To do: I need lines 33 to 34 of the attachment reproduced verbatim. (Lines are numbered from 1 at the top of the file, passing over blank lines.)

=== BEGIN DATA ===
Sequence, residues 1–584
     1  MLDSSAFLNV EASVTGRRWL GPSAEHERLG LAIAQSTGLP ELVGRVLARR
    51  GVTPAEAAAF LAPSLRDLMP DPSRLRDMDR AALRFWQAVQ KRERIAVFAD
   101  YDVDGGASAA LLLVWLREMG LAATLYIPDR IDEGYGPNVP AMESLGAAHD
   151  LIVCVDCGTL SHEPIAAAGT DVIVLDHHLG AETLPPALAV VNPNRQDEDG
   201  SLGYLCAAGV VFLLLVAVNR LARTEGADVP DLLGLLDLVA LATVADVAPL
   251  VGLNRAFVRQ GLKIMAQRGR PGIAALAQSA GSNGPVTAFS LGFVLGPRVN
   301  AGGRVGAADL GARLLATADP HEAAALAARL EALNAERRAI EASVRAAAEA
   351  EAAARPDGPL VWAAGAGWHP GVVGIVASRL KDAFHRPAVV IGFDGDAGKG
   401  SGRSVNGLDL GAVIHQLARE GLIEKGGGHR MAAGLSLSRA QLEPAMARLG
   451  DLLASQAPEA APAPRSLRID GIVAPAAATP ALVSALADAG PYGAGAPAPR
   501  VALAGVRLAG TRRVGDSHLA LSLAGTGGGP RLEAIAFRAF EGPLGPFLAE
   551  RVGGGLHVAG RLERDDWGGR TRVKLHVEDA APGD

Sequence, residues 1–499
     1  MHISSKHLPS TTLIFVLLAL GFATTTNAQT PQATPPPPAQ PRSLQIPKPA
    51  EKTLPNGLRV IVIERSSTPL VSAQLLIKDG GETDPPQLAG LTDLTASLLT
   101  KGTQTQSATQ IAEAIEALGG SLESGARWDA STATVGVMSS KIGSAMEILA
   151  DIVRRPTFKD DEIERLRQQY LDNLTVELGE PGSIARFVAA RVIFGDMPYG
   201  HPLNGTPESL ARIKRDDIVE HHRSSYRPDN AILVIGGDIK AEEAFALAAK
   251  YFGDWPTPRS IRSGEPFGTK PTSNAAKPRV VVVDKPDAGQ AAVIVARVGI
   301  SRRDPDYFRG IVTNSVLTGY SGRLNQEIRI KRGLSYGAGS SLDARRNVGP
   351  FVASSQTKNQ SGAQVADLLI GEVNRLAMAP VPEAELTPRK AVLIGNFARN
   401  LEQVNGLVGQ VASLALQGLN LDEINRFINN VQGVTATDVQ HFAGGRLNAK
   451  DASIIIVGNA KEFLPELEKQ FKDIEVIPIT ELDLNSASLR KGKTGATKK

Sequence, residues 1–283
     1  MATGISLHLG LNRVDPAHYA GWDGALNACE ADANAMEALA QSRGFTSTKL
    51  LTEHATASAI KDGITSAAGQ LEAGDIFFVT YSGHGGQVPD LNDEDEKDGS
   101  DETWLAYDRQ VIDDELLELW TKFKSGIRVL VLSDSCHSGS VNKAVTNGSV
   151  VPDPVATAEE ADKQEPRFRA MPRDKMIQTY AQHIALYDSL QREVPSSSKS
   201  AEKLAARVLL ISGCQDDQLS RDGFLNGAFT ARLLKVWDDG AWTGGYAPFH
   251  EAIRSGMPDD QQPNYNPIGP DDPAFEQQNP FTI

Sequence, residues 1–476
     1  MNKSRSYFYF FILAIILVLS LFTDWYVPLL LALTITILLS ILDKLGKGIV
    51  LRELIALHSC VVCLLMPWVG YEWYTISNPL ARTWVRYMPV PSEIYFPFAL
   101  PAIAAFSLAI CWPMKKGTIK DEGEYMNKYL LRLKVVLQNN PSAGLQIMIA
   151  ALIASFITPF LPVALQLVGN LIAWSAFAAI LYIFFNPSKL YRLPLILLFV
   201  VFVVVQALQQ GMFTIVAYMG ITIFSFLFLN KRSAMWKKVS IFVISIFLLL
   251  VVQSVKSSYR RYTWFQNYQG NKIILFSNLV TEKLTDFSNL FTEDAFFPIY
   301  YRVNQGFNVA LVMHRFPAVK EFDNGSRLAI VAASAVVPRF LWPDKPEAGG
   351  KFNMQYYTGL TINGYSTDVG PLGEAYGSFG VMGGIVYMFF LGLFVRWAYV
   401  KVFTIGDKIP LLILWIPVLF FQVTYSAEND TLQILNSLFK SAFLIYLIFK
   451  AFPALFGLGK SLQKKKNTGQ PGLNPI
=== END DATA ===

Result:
     1  MNKSRSYFYF FILAIILVLS LFTDWYVPLL LALTITILLS ILDKLGKGIV
    51  LRELIALHSC VVCLLMPWVG YEWYTISNPL ARTWVRYMPV PSEIYFPFAL